Amazon Acts to Protect Public Health

The world’s largest online retailer has taken steps to fill the void left by the EPA by banning the deadly chemicals methylene chloride and NMP.
Credit: Alamy

The world’s largest online retailer has taken steps to fill the void left by the EPA by banning the deadly chemicals methylene chloride and NMP.

Joining major retailers like Home Depot, Lowe’s, and Walmart, Amazon has now decided to halt the sale of paint removers containing methylene chloride or N-methylpyrrolidone (NMP) on its site by March 2019.

Amazon is the 11th company to make this move, and its announcement further highlights the failure of the U.S. Environmental Protection Agency to protect public health from these toxic products. NRDC recently sent a letter to the EPA notifying it of our plan to sue the agency for failing to finalize its proposed rule to ban the use of methylene chloride and NMP in paint strippers.

Methylene chloride, a primary ingredient in many paint strippers and coatings, is a serious public health threat. Easily inhaled, the chemical turns into carbon monoxide in the body and can threaten users with quick suffocation and heart attacks. It also likely causes cancer.

To date the chemical is responsible for at least 60 deaths in the United States, many of them contractors and DIYers. In 2017, for instance, 31-year-old Drew Wynne purchased a methylene chloride paint stripper to remove paint from the floor of the walk-in refrigerator at his South Carolina start-up coffee company. He wore a respirator while applying the chemical. The following day, however, his business partner found him dead on the floor. Wynne’s death certificate said he was overcome by the chemicals in the paint stripper, primarily methylene chloride.

NMP, which has been used as a substitute for methylene chloride, poses its own risks: Studies have shown that it can impact fetal development and cause miscarriage and stillbirth. According to the EPA, more than 60,000 U.S. workers and 2 million consumers are exposed to methylene chloride and NMP annually. The agency proposed in 2017 to ban both chemicals from paint strippers, but despite a recognition of the dangers, President Trump’s EPA has failed to adopt these strong Obama-era rules—which is why we’ve seen the definitive action by the retail sector to protect its customers.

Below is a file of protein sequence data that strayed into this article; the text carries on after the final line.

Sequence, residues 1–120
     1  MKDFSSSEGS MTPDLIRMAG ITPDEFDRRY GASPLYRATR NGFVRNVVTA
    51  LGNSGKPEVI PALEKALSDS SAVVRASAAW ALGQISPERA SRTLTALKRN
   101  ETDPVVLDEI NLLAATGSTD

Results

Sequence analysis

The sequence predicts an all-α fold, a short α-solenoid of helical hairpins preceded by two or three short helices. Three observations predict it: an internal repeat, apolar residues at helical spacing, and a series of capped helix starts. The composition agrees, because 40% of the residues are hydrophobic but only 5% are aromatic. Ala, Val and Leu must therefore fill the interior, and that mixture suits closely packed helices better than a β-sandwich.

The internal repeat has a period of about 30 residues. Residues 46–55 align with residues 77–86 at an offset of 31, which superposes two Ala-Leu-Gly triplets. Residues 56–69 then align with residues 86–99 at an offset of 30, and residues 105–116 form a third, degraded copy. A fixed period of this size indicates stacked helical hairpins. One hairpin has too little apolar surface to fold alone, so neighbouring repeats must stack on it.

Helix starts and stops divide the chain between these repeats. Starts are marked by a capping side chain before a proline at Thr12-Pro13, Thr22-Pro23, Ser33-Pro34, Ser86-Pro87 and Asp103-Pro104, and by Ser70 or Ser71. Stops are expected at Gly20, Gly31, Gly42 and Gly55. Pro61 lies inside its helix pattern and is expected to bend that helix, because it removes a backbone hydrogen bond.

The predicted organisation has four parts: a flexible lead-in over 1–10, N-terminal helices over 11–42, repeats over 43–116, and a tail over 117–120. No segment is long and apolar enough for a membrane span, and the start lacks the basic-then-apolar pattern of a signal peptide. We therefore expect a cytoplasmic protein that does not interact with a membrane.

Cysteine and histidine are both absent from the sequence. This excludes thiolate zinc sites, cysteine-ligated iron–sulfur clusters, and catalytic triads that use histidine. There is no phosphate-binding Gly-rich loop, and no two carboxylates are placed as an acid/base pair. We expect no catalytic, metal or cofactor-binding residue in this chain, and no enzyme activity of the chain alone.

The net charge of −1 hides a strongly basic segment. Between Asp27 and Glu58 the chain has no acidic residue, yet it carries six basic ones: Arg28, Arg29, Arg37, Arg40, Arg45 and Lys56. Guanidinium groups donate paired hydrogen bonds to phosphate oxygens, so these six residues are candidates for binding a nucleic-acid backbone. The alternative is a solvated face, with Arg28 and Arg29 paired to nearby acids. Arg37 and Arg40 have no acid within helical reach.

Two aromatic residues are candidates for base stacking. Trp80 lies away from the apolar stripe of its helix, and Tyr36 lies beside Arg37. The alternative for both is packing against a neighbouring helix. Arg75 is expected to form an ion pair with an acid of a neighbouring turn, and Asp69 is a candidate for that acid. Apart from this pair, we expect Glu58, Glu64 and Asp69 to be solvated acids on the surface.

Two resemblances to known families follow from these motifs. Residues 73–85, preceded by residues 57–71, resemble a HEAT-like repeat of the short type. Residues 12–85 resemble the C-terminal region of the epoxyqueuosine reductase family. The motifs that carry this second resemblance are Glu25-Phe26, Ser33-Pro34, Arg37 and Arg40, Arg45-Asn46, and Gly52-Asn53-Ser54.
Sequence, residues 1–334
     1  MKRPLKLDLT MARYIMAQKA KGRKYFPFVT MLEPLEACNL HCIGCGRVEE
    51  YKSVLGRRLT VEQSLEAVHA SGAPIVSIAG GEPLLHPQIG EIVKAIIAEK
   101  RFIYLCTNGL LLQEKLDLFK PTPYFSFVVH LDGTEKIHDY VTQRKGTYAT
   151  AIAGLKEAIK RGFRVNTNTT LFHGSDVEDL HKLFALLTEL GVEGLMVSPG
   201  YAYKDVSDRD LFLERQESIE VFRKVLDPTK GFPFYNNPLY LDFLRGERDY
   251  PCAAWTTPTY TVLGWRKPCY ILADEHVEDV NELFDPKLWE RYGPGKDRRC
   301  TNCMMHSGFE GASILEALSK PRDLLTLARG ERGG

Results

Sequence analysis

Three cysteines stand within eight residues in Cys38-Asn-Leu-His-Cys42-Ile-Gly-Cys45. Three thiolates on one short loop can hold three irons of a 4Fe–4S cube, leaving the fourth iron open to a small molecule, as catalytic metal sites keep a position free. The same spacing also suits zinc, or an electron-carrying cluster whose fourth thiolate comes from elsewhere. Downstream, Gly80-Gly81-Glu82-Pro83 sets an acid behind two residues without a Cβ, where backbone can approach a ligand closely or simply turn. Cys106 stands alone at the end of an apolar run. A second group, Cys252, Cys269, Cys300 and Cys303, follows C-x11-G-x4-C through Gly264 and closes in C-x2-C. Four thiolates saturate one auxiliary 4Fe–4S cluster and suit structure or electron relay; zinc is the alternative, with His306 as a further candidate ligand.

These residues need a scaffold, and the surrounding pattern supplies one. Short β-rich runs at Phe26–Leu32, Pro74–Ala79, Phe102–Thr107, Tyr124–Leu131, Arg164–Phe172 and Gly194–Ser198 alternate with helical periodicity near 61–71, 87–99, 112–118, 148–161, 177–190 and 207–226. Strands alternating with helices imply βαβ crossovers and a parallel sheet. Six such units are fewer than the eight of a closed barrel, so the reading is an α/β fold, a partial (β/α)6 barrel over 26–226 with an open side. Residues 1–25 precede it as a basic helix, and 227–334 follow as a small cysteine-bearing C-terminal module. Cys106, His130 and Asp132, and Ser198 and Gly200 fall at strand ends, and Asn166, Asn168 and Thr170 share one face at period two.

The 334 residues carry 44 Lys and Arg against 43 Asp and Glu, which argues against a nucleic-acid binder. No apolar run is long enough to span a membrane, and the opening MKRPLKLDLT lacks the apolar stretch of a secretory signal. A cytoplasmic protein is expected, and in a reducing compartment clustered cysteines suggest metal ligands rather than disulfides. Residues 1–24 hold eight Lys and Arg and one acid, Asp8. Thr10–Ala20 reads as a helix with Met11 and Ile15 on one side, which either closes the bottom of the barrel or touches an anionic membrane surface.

In May 2018, Lowe’s was the first company to commit to phasing out these products, saying it would do so by the end of the year. Home Depot, AutoZone, Sherwin-Williams, Kelly-Moore, and Canadian Tire quickly followed with the same commitment. More recently, Walmart announced it would phase out these products in its U.S., Canada, Central America, and Mexico stores by the end of February 2019. And now Amazon is committed to doing the same.

The EPA’s inaction is particularly baffling given that safer alternatives to these products are available. Research by the European Association for Safer Coating Removal in 2006 found that for every use that was studied of methylene chloride in paint and coating removal, there was a suitable non-NMP substitute. Potential safer substitutes for most uses of methylene chloride include benzyl alcohol formulations, dibasic esters, and nonchemical methods, including sanding, media blasting, and heat tools. The California Department of Public Health has a guide to choosing safer paint removal products.

NRDC thanks Amazon and other retailers for moving to protect their consumers in the face of the Trump administration’s ongoing failure to protect the public. We again call on the EPA to move quickly to catch up with the retail sector by finalizing the proposed ban on the use of methylene chloride or NMP in paint strippers. If the agency fails to act, we’ll go to court to get the protections that the law requires and the public deserves.

Related Blogs